Editorial: Sexual harassment demands response

As 2017 nears its final midnight, consider how much has changed over 12 months about the way we regard and treat one another.

In the fall of 2016, Donald Trump was accused of inappropriately touching several women. He was even caught on tape boasting about such acts in a vulgar manner. In response ... we elected him president.

Twelve months later, the national zeitgeist is dominated by the downfall of powerful American men in the public eye in the wake of a flurry of sexual misconduct allegations.

The declaration that enough was enough was, perhaps appropriately, shorthanded into a hash tag and five characters. #MeToo.

There need to be a lot more words, fueling many more conversations.

Sexual harassment isn’t limited to circles of extreme power in shadows of Hollywood and Wall Street. Workplaces are everywhere, from street corners to restaurants to schools. So is harassment.

The next step in this reckoning is to strive to make long-overdue adjustments in all workplaces. Apparently, we’ re not even close to getting there.

This is not about making corrections to a culture; it’s about creating one that never truly existed.

Gail Weinstein, president of the board for The Center for Sexual Assault Crisis Counseling and Education, which serves several towns in Fairfield County, recently shared discouraging statistics. Only 20 percent of women who claim sexual harassment in the workplace ever reported them to human resources or supervisors.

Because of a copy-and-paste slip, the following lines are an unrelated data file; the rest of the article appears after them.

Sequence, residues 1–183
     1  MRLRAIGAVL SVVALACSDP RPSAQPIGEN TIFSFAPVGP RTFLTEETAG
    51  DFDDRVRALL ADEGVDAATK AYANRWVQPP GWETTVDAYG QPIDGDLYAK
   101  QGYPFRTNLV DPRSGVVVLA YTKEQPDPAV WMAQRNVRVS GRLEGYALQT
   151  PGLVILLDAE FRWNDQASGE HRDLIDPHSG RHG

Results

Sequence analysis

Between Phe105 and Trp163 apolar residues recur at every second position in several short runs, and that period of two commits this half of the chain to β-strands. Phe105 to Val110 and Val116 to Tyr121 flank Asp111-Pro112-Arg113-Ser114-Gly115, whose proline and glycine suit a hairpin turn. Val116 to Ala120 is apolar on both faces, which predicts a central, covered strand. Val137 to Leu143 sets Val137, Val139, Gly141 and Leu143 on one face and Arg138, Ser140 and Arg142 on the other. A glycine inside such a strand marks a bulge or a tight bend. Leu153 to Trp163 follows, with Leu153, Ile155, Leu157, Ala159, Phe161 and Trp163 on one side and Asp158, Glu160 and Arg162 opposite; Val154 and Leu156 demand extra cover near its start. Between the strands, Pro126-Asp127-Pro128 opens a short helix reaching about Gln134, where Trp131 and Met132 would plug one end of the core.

Even worse, 80 percent of them said coming forward did not change anything.

Statistics concerning rape have always been somewhat vexing for police departments. There’s no disputing the cold, hard truths about a rise in a community’s homicide rates. But an increase in reported cases of sexual assaults may mean more victims feel emboldened to come forward.

Weinstein’s team says they are seeing walk-ins at such an unprecedented pace in recent weeks that they hired two full-time educators.

The center, and others like it, play offense as well as defense, operating an anonymous hotline and providing community outreach.

The center’s outreach coordinator, Jessica Feighan, tapped onto the pulse of the matter when she pointed out that despite recent progress, “it’s also kind of a sad time when you realize the severity of the issues.”

Their work has always faced obstacles. It required a state law to get all schools to participate in the conversation. A true cultural awaking requires a desire to change, and we aren’t there yet.

That change will happen when decisions are made by all employers to lead the charge about behavior that will not be tolerated in the workplace. They don’t have to wait for the next Harvey Weinstein, or for someone in their employ to act inappropriately. They just need to define boundaries.

It’s also a matter of personal conscience. This is the season of resolutions. Let’s all treat one another with more dignity. When it comes to sexual harassment, we are still too many hours from midnight.